All the polls in recent months have predicted that ERC was in a position to win the Catalan elections with a comfortable advantage, but the race, just over a month before the election date, could have turned around. This is stated this Friday by El Periódico, which publishes a Gesop poll that predicts that the irruption of the Minister of Health and candidate of the PSC, Salvador Illa, could catapult his formation to the first position and become the winner of the elections on February 14.
The survey, carried out between January 4 and 7, predicts that the change of Miquel Iceta for Illa as a candidate would cause the Socialists to obtain up to eight more seats than a month ago, reaching up to 36, the same as Ciudadanos in the past elections. In voting estimation, the PSC’s rise is just over 5 points, reaching 24.1%. The newspaper explains that the key to the good results of the Socialists is their voting loyalty, which would reach 71.5% thanks to Illa’s candidacy.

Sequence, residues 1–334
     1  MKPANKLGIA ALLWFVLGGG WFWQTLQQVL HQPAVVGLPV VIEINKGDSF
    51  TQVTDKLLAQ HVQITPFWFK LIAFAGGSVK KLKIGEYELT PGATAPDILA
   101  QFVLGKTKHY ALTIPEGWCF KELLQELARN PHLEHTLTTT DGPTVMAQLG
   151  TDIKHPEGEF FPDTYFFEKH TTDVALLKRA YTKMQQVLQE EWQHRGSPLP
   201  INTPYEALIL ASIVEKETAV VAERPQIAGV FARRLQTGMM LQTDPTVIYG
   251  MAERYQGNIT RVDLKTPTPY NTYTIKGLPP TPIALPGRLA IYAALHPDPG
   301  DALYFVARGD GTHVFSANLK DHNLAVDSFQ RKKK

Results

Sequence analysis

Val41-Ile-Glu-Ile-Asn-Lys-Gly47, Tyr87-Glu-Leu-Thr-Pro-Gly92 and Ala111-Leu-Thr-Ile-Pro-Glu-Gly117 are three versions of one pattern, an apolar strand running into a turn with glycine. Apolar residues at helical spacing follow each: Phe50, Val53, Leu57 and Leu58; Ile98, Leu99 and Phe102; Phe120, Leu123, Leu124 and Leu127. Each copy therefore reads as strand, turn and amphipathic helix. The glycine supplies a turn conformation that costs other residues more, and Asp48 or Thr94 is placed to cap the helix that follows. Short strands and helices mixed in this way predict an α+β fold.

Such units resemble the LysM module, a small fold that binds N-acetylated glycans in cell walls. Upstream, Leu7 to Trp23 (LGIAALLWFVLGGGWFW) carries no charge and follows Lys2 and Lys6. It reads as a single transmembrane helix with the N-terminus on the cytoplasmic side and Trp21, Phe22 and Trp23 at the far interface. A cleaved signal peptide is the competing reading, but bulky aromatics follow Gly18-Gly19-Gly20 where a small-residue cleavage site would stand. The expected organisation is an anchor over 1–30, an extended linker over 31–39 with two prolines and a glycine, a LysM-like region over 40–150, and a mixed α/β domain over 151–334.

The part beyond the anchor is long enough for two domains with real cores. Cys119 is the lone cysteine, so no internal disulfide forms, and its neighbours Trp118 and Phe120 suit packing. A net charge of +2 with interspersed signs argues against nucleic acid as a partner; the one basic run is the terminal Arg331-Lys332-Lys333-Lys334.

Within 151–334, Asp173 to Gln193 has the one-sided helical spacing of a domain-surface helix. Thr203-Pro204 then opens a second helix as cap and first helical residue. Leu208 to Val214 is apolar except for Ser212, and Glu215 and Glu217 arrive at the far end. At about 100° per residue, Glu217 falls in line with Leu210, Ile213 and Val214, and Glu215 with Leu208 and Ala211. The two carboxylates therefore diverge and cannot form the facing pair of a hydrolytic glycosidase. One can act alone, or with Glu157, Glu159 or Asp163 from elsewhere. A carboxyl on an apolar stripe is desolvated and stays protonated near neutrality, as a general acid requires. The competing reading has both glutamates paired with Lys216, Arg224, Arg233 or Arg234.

The collateral effect of the growth of the socialists is that the whole board moves. The jump of the PSC, from the third position to the first, would displace ERC and Junts, which would be in second and third respectively, and with a percentage of votes worse than in 2017 in both cases.
Both pro-independence formations would go down with between three and five less deputies between the two. In fact, if the pro-independence bloc wanted to re-form a joint government, it should rely on the CUP, which would obtain between seven and eight seats. The good forecast of the PSC also influences the decline in the numbers of En Comú Podem, which would remain in a discreet range between 6 and 7 deputies. The same poll shows that the voters of the ‘commons’ prefer Illa as president rather than their own candidate, Jéssica Albiach.
The so-called ‘Illa effect’ does not suit those of Inés Arrimadas either, who do not hit bottom and continue to lose seats in the Parliament with between 12 and 13. The PP could also go down one, staying with between 6 and 7, as well as Vox, which continues to enter the Parliament but with less momentum than was predicted, obtaining between 5 and 6 representatives.